Survey Research Operation and Development (SROD) was established in 1993 by the Center of Survey Research (CSR), and is devoted to the collection of high-quality survey data and the development of state-of-the-art survey technology. SROD mainly assists academic clients in conducting face-to-face, telephone, web, and mixed-mode surveys. We also conduct cognitive interviews, and focus groups discussions. Face-to-face surveys include probability sample surveys and panel surveys. Telephone surveys include landline and mobile phone surveys, while web surveys include e-mail and opt-in web surveys. SROD aims to continuously improve the quality of survey data, to develop standardized field-work procedures, to systematically analyze paradata, and to invest in the development of survey technology.
From project proposal, and survey implementation, to project report, SROD provides customized, high quality, and advanced services as follows.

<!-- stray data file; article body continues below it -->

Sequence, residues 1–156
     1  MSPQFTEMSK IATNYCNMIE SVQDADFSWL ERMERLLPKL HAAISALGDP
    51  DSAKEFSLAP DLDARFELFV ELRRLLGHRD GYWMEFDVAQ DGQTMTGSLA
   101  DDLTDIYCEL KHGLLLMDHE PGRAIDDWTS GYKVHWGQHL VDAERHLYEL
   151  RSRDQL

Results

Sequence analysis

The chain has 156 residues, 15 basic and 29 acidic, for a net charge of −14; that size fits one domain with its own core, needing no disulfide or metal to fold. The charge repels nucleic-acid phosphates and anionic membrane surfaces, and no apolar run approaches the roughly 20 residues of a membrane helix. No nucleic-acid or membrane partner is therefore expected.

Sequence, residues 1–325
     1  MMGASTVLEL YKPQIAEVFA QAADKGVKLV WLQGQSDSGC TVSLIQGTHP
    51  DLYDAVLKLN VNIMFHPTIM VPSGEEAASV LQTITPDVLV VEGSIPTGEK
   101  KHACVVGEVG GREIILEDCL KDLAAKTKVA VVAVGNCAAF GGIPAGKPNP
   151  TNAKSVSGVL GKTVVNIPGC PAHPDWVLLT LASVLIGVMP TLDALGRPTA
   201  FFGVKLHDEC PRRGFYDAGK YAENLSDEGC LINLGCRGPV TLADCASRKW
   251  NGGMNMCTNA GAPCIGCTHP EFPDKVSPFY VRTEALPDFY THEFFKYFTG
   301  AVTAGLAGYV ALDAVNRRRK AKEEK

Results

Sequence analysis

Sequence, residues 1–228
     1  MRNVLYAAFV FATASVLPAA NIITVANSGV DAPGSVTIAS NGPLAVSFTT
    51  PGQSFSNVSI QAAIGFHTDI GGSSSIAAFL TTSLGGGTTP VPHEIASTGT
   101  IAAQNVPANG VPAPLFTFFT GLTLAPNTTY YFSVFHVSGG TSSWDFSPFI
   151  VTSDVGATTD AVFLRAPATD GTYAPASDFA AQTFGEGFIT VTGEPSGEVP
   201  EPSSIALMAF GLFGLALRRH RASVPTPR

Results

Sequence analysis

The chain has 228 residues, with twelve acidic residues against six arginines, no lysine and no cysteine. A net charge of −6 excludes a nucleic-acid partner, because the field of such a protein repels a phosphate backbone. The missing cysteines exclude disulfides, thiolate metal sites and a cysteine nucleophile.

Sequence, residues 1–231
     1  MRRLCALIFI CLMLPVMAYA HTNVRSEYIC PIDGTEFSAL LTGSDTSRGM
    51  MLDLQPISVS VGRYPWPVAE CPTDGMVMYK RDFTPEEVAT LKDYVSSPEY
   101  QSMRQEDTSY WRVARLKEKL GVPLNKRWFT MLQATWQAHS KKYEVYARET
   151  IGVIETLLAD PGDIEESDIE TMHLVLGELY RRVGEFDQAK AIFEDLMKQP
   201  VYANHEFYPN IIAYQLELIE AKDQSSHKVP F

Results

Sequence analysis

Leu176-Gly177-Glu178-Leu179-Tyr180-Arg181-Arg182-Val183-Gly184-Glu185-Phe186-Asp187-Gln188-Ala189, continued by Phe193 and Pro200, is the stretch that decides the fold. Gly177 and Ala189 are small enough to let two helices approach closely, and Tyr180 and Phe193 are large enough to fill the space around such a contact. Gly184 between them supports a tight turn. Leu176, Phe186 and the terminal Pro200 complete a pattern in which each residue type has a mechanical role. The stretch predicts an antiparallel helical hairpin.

• Consultation: survey, sample and questionnaire designs and survey implementation
• Budget planning
• Sample design
• Sample weighting
• Questionnaire design
• Interviewer recruitment, training and management
• Project management
• Data collection and management
• Data processing and analysis
• Project report
• CAI System: CSR has developed a multi-mode, computer-assisted interviewing system (multi-mode CAI system) since 2012, which integrates CAPI, CATI, CAWI, and CAI DataSis systems, reduces the cost and errors of surveys, and improves the efficiency of the execution process and the quality of data. CAPI system is compatible with both Windows and Android (Tablet App) devices. We also lease the CAI software system to researchers and organizations outside CSR.
• CATI Lab: SROD operates a CATI Lab with 49 interviewer stations and 5 supervisor stations.
• Focus Group Room: SROD is equipped with a focus group room.
Research and Development
SROD specializes in cutting-edge survey technology and seeks to actively advance research on survey methods including:
• Improving the efficiency of data collection
• Reducing total survey error
• Using paradata to assess survey errors
• Inventing new measurements